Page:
datacleanr is a flexible and efficient tool for interactive data cleaning, and is inherently interoperable, as it seamlessly integrates into reproducible data analyses pipelines in
It can deal with nested tabular, as well as spatial and time series data.
The latest release on CRAN can be installed using:
You can install the development version of
datacleanr is developed using the shiny package, and relies on informative summaries, visual cues and interactive data selection and annotation. All data-altering operations are documented, and converted to valid
R code (reproducible recipe), that can be copied, sent to an active
RStudio script, or saved to disk.
There are four tabs in the app for these tasks:
Rexpression to filter/subset data.
dcr_appalso returns all intermediate and final outputs invisibly to the active
Rsession for later use (e.g. when batch processing)
Note, maps require columns
lat (X and Y) in decimal degrees in the data set to render.
FALSE) column named
.dcrflagis present, corresponding observations are rendered with different symbols in plots and maps. Use this feature to validate or cross-check external quality control or outlier flagging methods.
The documentation for (
?dcr_app()) explains the basic use and all features. Throughout the app, there are conveniently-placed help links that provide details on features.
datacleanr’s interactive app with
dcr_app(). The following examples demonstrate basic use and highlight features across the four app tabs.
Define the grouping structure (used throughout app for scoping filters and plotting), and generate an informative overview.
Add/Remove filter statement boxes, and apply (valid) expressions - either to the entire data set, or scoped to individual groups. Filtering relies on
R expressions passed to
dplyr::filter(), so, for example, valid statements for
Any function returning a logical vector (i.e.
FALSE), can be employed here!
Interactive visualization allow seamless scrolling, panning and zooming to select and annotate individual observations (or sections with lasso/box select tool). Show and hide groups using the group selection table (left) or the legend (right).
POSIXct column (in X or Y dimension) can be used to visualize time series. Use the
Toggle Lines button above the plot to facilitate exploration.
library(dplyr) dplyr::glimpse(treering) tree_df <- data.frame(year = -6000:1979, val = treering) # make synthetic data tree_data <- list(tree_A = tree_df, tree_B = tree_df %>% mutate(val = val + rnorm(nrow(.), 0.5, 0.2)), tree_C = tree_df %>% mutate(val = val + rnorm(nrow(.), mean = -0.03, 0.1))) %>% bind_rows(.id = "tree") # group by tree and inspect dcr_app(tree_data)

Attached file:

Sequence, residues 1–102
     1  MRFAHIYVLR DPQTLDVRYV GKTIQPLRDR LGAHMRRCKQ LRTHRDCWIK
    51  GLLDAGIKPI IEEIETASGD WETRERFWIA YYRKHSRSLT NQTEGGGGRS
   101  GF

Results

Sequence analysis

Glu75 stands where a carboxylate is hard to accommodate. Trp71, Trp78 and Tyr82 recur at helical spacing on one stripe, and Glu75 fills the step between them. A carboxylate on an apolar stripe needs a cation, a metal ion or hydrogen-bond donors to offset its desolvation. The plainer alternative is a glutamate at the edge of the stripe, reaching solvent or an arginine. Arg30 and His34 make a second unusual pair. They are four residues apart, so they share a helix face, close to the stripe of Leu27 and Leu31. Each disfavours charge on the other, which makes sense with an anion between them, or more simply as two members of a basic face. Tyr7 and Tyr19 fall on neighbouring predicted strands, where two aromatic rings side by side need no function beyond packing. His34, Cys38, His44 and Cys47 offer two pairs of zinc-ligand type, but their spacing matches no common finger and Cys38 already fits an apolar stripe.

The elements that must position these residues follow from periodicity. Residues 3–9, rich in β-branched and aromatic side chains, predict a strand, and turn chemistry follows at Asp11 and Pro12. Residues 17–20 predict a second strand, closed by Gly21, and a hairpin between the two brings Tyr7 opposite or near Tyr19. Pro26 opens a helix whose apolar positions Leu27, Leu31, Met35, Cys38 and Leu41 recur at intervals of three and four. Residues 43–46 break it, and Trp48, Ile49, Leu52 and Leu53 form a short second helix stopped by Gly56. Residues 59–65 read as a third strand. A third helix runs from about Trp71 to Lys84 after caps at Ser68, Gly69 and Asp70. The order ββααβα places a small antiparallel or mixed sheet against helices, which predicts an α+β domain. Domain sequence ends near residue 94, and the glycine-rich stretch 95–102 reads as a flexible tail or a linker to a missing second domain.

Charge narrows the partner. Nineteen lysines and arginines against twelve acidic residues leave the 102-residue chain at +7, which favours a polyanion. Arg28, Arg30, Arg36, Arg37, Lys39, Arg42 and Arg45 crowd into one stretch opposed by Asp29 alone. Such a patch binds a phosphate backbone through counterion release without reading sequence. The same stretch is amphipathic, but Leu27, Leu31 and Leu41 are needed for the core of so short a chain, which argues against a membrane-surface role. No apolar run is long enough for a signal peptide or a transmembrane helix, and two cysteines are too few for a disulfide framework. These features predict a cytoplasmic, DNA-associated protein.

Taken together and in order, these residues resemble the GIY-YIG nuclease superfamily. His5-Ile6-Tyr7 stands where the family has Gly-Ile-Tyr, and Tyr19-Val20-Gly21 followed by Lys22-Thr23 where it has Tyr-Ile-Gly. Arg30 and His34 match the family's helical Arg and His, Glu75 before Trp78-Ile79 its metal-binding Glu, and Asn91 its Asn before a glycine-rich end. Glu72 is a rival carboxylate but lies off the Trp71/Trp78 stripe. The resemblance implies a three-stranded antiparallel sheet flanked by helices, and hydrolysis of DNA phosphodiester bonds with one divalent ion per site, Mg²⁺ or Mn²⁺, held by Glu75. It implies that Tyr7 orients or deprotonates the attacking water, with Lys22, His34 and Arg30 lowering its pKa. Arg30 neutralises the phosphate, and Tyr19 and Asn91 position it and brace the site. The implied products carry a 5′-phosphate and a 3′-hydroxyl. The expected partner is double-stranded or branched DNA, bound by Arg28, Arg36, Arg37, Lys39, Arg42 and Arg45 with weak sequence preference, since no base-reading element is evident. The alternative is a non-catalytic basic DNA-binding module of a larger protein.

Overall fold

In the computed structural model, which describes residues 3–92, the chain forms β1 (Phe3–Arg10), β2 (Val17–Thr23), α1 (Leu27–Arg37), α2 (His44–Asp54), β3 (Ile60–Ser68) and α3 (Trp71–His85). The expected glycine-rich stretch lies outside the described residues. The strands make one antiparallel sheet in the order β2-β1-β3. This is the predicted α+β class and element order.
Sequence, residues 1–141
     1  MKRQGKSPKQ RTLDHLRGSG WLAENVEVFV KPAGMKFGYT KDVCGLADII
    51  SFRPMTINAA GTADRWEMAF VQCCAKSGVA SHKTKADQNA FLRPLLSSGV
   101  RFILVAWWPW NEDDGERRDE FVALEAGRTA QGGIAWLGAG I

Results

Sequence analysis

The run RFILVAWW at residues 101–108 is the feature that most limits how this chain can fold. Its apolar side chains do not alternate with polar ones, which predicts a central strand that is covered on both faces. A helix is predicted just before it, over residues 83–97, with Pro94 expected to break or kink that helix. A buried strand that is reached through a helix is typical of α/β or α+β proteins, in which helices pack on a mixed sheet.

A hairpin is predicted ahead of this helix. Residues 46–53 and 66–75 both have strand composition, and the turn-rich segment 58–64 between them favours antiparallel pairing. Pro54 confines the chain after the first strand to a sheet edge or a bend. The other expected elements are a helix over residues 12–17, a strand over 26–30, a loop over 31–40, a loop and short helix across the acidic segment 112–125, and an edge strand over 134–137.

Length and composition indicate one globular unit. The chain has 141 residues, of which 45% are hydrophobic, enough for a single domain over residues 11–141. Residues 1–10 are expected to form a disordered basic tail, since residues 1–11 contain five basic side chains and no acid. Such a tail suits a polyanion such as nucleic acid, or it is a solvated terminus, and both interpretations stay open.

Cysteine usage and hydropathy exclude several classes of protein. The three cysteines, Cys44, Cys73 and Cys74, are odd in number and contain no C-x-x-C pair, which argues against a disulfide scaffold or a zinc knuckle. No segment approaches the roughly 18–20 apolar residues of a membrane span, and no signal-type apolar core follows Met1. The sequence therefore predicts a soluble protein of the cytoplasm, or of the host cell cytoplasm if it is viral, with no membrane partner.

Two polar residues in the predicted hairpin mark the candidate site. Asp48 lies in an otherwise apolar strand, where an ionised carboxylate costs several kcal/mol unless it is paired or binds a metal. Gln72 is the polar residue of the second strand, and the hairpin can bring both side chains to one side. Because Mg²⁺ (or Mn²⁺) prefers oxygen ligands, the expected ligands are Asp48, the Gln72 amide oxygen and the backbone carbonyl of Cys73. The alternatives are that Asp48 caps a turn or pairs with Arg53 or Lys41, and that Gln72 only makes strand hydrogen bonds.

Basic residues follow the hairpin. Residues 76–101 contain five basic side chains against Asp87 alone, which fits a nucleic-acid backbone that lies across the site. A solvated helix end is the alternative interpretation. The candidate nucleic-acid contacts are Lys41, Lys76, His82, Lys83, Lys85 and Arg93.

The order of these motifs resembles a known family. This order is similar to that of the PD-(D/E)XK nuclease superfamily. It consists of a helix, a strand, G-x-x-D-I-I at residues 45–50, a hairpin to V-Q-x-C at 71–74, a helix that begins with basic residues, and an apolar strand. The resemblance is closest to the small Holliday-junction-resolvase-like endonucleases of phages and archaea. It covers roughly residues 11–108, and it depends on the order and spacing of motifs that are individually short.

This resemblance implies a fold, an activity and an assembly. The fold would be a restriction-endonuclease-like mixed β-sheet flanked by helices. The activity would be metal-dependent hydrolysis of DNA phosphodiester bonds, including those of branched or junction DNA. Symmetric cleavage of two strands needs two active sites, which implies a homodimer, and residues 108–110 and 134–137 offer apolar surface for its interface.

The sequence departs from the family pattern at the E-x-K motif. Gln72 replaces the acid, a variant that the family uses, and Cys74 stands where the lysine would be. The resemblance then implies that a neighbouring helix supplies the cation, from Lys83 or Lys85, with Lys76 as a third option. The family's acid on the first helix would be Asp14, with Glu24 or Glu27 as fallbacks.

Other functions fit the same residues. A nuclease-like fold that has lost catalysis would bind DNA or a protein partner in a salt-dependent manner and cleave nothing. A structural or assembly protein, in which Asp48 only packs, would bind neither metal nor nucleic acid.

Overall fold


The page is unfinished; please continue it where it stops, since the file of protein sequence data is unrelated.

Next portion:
(Note, selections are arbitrary and for demonstration only)
Interactive maps rely on Mapbox for plotting. Therefore, you will need to make an account, from which an access token needs to be copied into your
MAPBOX_TOKEN=your_copied_token). A simple way to do this is using the convenient
usethis package to access the file:
lat for plotting to get started.
All grouping, filtering and selections/annotations are translated to
R code, which can be sent to an
RStudio script, copied to the clipboard, or - when
dcr_app is launched with a file path - save options are made available. For large selections/annotations we recommend saving the script separately, and sourcing it (i.e.
source("your_datacleanr_script.R")) during later analyses.
Caution: When selections / annotations are greater than ~ 1000 points, it is recommended to use
datacleanr with an
*.RDS file (see below). This is because the resulting Reproducible Recipe (script) can slow down the RStudio IDE, if it has more than a few thousand lines.The next version of
datacleanr will allow choosing between script-only recipes, and the option with an the intermediate file for storing annotations. Both approaches with their current implementation are shown shown below.
Launching with an object from
And output from extract tab:
# datacleaning with datacleanr (0.0.1) # ##------ Wed Oct 07 12:54:03 2020 ------## library(dplyr) library(datacleanr) # adding column for unique IDs; iris$.dcrkey <- seq_len(nrow(iris)) iris <- dplyr::group_by(iris, Species) # stats and scoping level for filtering filter_conditions <- structure(list(filter = "Sepal.Width > 2.7", grouping = list(NULL)), row.names = c(NA, -1L), class = c("tbl_df", "tbl", "data.frame")) # applying (scoped) filtering by groups; iris <- datacleanr::filter_scoped_df(dframe = iris, condition_df = filter_conditions) # observations from manual selection (Viz tab); iris_outlier_selection <- structure(list(.dcrkey = c(15L, 16L, 19L, 34L), .annotation = c("", "", "", "")), class = "data.frame", row.names = c(NA, -4L)) # create data set with annotation column (non-outliers are NA); iris <- dplyr::left_join(iris, iris_outlier_selection, by = ".dcrkey") # remove comment below to drop manually selected obs in data set; # iris <- iris %>% dplyr::filter(is.na(.annotation))
Launching with an
.RDS from disk:
COSORE is a community-driven soil respiration database, recently introduced with a manuscript published here by Bond-Lamberty et al.. The database provides soil respiration flux estimates, as well as meta data across multiple data sets. Let’s explore!
remotes::install_github("bpbond/cosore") library(dplyr) # check data base info db_info <- cosore::csr_database() tibble::glimpse(db_info) # grab one data set and explore in detail dset <- "d20190409_ANJILELI" anjilleli <- cosore::csr_dataset(dset) tibble::glimpse(anjilleli$description) datacleanr::dcr_app(anjilleli$data)
Explore sampling locations:
Explore nested data sets:
Please note that the
datacleanr project is released with a Contributor Code of Conduct. By contributing to this project, you agree to abide by its terms.